Comparing mortality in patients with atrial fibrillation who are receiving a direct-acting oral anticoagulant or warfarin: a meta-analysis of randomized trials
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Liew, A. O'Donnell, M.; Douketis, J. (2014). Comparing mortality in patients with atrial fibrillation who are receiving a direct-acting oral anticoagulant or warfarin: a meta-analysis of randomized trials. Journal of Thrombosis and Haemostasis 12 (9), 1419-1424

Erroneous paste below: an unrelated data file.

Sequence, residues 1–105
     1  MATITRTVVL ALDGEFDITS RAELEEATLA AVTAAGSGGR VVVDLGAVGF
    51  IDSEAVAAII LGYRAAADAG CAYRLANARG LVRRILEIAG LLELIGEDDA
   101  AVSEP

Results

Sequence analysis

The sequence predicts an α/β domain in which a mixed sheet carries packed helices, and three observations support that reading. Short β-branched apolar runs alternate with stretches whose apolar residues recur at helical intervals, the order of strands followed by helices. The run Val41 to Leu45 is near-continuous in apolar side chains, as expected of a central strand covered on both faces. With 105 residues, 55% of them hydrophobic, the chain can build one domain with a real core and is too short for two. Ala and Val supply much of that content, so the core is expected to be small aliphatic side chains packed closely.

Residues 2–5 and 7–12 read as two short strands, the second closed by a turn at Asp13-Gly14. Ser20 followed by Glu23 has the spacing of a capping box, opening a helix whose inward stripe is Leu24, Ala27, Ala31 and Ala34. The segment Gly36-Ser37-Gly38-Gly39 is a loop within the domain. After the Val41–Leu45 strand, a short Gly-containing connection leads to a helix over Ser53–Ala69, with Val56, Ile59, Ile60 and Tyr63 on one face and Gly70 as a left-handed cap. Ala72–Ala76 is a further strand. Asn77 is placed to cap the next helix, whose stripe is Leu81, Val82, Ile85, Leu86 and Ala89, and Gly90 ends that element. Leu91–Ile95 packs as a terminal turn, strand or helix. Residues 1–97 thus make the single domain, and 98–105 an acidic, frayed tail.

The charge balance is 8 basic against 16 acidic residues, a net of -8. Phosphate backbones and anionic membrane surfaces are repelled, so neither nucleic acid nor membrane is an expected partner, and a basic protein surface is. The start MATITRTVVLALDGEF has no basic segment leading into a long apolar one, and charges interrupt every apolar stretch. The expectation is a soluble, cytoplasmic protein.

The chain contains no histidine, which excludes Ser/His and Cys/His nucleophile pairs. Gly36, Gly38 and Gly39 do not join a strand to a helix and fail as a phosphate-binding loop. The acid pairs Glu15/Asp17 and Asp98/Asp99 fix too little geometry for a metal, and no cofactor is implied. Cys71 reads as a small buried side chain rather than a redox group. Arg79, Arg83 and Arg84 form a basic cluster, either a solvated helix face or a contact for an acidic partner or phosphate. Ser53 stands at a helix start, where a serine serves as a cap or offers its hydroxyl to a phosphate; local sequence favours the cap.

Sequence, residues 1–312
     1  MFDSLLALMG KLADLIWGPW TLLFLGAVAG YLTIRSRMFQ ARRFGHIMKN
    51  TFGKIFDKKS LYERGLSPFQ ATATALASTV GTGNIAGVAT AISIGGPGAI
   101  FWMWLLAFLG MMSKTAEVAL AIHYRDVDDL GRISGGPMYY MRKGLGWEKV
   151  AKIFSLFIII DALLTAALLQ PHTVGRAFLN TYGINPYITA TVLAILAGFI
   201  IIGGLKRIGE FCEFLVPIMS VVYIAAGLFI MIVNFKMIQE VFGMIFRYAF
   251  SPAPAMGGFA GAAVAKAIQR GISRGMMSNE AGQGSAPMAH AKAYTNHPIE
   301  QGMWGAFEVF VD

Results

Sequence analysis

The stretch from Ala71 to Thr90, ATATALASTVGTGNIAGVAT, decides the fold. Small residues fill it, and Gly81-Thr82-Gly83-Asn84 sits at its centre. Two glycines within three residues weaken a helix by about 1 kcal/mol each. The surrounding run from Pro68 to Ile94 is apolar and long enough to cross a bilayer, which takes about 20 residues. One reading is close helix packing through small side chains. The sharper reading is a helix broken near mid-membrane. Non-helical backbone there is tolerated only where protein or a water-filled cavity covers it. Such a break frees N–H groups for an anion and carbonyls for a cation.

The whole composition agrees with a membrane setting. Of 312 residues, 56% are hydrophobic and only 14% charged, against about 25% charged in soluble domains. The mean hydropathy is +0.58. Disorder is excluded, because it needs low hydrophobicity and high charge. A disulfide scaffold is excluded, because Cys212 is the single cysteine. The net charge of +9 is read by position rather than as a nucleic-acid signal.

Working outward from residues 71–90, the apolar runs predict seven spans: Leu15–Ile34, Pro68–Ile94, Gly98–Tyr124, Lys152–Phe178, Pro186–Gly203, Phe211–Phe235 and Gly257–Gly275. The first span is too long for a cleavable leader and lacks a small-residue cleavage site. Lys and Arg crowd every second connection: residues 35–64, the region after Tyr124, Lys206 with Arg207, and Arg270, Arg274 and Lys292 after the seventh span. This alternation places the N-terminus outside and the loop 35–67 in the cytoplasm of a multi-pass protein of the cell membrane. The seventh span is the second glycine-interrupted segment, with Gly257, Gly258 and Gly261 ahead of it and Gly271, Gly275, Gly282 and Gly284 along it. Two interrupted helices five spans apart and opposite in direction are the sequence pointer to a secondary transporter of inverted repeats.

BackgroundIn patients with non-valvular atrial fibrillation (AF), direct-acting oral anticoagulants (DOACs) are at least non-inferior to warfarin for the prevention of stroke and systemic embolism. The main objective of this study was to obtain reliable and precise estimates for all-cause mortality, vascular mortality and bleeding mortality in patients with AF receiving a DOAC or warfarin for stroke prevention. MethodsA meta-analysis was performed on phase3 randomized trials that compared a DOAC with warfarin for stroke prevention in AF. Published data were pooled by use of the DerSimonian random-effect model, with revman5.2 and comprehensive meta analysis software version2. The results were presented as risk ratios (RRs), absolute risk reduction (ARR), and number-needed-to-treat (NNT). ResultsA total of 71683 patients were included in this meta-analysis from four randomized controlled trials (median patient follow-up: 1.8-2.8years) that compared a DOAC with warfarin for stroke prevention in AF. As compared with warfarin, DOACs significantly reduced all-cause mortality (RR0.89, 95% confidence interval [CI]0.85-0.94; ARR0.76%, 95%CI0.39-1.13%; NNT=132), vascular mortality (RR0.88, 95%CI0.82-0.94; ARR0.53%, 95%CI0.23-0.83%; NNT=189), and bleeding mortality (RR0.54, 95%CI0.44-0.67; ARR0.32%, 95%CI0.21-0.43%; NNT=313). ConclusionAs compared with warfarin therapy for stroke prevention in patients with AF, DOACs significantly reduce all-cause mortality, vascular mortality, and bleeding mortality. This mortality benefit appears to be driven by the reduction in vascular-related and bleeding-related mortality, which, in turn, may be related to the reduction in intracranial bleeding.